I’ve never been a fan of actually using GPS navigation. Sure, I’ve always thought it was insanely cool that it was possible, I just didn’t want to use it myself. For unfamiliar destinations I generally prefer researching a route first, and for familiar ones I generally prefer just relying on my local knowledge. But I’ve found something that I do like using it for: Traffic.
I recently started a new job, exchanging a fairly short commute for a ~40-mile trek across the Los Angeles freeway system. Under ideal conditions, it’s about 45 minutes. When the freeways are bogged down (i.e. when I’m actually going to be driving), it can take an hour and a half or more.
When I landed the job, I replaced my phone with a G2. It’s a heck of a lot faster than my old phone, plus it can handle newer software…like Google’s turn-by-turn navigation app for Android. After trying a couple of different routes the first few days, I tried it out…and discovered that it factors in live traffic data when calculating the remaining time.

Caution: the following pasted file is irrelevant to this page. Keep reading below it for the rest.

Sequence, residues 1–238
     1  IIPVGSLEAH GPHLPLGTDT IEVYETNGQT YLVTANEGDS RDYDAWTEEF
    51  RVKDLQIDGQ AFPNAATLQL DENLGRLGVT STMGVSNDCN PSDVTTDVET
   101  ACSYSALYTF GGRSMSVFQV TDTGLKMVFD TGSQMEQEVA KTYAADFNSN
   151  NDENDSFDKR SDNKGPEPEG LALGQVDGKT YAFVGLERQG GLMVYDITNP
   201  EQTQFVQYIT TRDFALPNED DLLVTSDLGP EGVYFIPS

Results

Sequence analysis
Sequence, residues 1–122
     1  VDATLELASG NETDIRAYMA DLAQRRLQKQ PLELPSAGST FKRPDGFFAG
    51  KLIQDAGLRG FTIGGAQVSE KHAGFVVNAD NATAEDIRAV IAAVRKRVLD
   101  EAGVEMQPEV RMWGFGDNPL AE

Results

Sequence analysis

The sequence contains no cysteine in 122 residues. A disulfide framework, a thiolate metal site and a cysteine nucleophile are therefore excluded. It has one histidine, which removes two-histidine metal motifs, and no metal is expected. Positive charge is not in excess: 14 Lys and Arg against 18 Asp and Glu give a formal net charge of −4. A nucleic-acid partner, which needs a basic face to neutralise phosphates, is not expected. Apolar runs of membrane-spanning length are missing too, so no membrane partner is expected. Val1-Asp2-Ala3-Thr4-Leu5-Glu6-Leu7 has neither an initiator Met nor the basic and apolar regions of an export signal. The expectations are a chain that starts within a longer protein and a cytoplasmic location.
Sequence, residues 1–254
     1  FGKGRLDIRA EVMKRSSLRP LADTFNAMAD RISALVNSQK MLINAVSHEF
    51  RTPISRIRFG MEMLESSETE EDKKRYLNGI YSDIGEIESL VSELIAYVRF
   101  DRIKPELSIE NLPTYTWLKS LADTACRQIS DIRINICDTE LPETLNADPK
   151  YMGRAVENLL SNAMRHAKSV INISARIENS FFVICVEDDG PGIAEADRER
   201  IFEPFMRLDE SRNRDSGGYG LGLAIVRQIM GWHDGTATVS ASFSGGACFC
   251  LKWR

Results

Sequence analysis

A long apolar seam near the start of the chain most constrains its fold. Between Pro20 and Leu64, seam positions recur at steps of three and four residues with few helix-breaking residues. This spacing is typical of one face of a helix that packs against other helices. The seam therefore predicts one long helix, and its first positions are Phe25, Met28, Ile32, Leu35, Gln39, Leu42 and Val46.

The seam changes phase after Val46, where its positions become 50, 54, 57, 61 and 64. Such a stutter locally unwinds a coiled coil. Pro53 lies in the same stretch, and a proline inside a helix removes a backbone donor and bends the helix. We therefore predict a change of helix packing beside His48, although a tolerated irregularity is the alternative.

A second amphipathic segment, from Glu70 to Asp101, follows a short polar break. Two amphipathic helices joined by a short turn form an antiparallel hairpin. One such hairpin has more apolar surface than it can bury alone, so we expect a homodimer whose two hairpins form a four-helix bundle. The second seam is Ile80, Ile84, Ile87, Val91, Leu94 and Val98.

The upshot: I can walk out the door, start up the app, and figure out which of three main routes will get me there fastest. (Well, least slowly, anyway.)
Of course, it’s not perfect. It’s based on traffic now, and over the course of a predicted hour-plus, the route could easily get more congested. That’s not even counting potential accidents. It does seem to update frequently, though, and knowing I’ve avoided a 100-minute drive in favor of 70 minutes really outweighs the annoyance of a mechanical voice telling me how to get to the freeway from home.
I do have to remember not to rely on it too heavily at the end of the trip, though. I left it on by mistake after selecting my route to the LA Convention Center for Adobe MAX this morning, and instead of turning it off, I let it direct me straight past the parking garage.